I’m a big fan of UNIX man pages1. They are almost without exception well-written and concise, and the intuition you gain for particular topics as you browse through the man pages is well worth the effort. In contrast, many developers shoot straight to googling the answer for the problem at hand.

I argue this is counter-intuitive - one ends up with poor-quality StackOverflow answers and the intended use of applications is often left as a mystery to the developer.

Even the “I don’t have time for reading through pages of manuals” argument does not hold, since there’s a learning curve involved in navigating man pages - the more you do it, the better you become at it.

Anyway, this post is about funny bits I’ve found in man pages. Without further ado, here’s some of them, in no particular order:

The manpage for gnupg has

--gen-prime mode bits
        Use the source, Luke :-). The output format is still subject to change.

crontab has

# run at 10 pm on weekdays, annoy Joe
0 22 * * 1-5    mail -s "It's 10pm" joe%Joe,%%Where are your kids?%

xxd :

       The  tools weirdness matches its creators brain.  Use entirely at your own risk. Copy files. Trace it. Become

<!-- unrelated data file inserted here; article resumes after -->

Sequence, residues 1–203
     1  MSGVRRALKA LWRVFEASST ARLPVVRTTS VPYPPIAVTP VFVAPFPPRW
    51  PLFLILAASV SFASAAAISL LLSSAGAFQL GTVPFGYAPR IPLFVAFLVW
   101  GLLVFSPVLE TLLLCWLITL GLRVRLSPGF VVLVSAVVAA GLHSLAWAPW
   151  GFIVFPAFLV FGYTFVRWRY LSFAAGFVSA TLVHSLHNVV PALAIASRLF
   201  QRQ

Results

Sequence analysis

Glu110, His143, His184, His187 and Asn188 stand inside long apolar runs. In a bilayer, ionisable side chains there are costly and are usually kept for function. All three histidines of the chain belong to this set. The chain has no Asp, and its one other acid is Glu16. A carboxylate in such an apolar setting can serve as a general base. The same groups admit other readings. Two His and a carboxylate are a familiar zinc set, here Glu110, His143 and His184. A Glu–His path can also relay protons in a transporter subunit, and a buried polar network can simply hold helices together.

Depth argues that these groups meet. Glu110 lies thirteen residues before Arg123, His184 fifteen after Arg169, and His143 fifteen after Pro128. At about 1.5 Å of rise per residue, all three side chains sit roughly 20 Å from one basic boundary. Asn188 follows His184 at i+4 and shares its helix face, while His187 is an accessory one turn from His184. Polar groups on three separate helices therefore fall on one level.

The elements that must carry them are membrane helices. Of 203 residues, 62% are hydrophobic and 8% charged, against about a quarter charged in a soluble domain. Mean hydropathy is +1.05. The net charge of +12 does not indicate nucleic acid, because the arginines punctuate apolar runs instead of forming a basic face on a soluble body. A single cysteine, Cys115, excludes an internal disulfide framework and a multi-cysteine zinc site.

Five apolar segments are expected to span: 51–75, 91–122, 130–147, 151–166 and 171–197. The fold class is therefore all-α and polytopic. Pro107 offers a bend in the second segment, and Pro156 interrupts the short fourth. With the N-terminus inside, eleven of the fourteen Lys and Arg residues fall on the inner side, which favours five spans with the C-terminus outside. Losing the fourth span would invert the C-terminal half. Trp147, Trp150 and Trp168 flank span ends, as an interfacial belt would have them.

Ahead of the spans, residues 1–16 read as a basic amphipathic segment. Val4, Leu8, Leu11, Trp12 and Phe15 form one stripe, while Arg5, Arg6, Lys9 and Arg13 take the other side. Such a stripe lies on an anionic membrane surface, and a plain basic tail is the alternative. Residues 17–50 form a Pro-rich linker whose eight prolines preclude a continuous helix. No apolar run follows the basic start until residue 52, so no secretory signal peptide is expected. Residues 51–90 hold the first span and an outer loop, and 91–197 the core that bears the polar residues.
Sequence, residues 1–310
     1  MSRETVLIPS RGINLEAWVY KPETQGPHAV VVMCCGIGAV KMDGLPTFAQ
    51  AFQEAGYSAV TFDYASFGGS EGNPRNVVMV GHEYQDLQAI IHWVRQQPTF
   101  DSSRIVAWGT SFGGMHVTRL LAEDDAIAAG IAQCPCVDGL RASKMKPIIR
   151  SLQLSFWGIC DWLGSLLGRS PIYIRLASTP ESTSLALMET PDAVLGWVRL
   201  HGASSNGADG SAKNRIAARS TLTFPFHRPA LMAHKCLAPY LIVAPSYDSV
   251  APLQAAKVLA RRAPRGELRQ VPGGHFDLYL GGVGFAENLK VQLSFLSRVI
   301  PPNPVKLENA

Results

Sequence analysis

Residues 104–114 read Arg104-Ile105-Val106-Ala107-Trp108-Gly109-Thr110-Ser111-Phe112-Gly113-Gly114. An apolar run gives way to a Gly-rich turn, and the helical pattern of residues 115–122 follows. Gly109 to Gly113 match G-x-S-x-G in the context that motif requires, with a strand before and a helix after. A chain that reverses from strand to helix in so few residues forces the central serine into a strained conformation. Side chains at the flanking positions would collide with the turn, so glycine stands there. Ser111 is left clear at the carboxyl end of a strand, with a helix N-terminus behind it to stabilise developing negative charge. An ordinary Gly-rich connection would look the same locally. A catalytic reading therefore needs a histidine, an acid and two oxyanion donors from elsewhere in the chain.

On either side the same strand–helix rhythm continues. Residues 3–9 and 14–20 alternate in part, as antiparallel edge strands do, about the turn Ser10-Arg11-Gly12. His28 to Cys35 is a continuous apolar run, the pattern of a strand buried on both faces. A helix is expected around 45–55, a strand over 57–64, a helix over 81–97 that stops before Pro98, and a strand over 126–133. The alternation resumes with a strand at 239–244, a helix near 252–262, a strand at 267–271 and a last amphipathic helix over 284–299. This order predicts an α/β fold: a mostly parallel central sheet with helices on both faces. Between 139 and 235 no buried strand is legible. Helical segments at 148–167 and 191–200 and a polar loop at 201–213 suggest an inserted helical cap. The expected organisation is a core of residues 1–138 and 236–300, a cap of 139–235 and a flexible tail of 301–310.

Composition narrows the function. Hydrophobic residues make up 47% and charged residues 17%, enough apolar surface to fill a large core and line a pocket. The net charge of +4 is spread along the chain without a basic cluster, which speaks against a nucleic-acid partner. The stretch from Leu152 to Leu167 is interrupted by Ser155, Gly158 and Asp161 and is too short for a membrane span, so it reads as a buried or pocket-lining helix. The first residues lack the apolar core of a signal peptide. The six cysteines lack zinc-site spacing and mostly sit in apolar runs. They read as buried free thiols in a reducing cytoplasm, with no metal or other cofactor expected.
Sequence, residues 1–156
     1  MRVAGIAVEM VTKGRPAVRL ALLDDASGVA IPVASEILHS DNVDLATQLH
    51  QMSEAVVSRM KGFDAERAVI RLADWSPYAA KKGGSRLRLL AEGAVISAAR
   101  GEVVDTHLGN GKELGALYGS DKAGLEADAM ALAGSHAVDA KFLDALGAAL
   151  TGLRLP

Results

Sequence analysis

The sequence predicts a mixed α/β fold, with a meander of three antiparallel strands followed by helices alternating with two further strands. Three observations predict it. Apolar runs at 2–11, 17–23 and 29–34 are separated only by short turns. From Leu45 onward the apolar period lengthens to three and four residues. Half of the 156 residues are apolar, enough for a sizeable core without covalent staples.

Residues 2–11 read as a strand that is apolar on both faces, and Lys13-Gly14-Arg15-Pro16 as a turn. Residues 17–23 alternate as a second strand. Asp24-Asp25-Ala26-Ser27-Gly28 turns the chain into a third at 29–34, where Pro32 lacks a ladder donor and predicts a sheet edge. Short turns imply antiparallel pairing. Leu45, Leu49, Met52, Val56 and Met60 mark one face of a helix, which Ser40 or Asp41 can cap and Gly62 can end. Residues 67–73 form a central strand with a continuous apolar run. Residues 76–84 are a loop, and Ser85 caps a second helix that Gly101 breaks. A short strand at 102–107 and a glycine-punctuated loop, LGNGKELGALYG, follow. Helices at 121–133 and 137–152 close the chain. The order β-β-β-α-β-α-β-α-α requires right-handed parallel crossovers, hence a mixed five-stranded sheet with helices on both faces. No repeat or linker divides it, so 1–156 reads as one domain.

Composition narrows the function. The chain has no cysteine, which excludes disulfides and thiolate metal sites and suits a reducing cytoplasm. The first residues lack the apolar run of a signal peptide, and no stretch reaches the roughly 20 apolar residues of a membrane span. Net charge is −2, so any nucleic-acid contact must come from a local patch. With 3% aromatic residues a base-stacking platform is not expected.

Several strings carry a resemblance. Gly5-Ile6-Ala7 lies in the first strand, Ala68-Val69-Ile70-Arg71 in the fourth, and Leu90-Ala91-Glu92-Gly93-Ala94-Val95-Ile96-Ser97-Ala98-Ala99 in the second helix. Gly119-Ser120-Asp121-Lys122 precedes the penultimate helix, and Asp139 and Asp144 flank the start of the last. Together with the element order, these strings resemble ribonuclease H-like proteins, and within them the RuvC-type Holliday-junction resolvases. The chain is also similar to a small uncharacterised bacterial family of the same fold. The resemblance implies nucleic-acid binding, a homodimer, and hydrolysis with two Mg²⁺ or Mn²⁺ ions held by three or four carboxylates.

a wizard.

This one is lengthier, but underlines the pragmatism of the UNIX philosophy. From man git-tag:

What should you do when you tag a wrong commit and you would want to re-tag?

If you never pushed anything out, just re-tag it. Use "-f" to replace the old one. And you’re done.

But if you have pushed things out (or others could just read your repository directly), then others will
have already seen the old tag. In that case you can do one of two things:

1. The sane thing. Just admit you screwed up, and use a different name. Others have already seen one
   tag-name, and if you keep the same name, you may be in the situation that two people both have "version
   X", but they actually have different "X"'s. So just call it "X.1" and be done with it.

2. The insane thing. You really want to call the new version "X" too, even though others have already seen
   the old one. So just use git tag -f again, as if you hadn’t already published the old one.

From tcpdump:

       -f     Print `foreign' IPv4 addresses numerically rather than symbolically (this option  is  intended  to  get  around
	                 serious brain damage in Sun's NIS server — usually it hangs forever translating non-local internet numbers).

The developers of iptables have a care-free attitude towards bugs:

       Bugs?  What's this? ;-) Well, you might want to have a look at http://bugzilla.netfilter.org/

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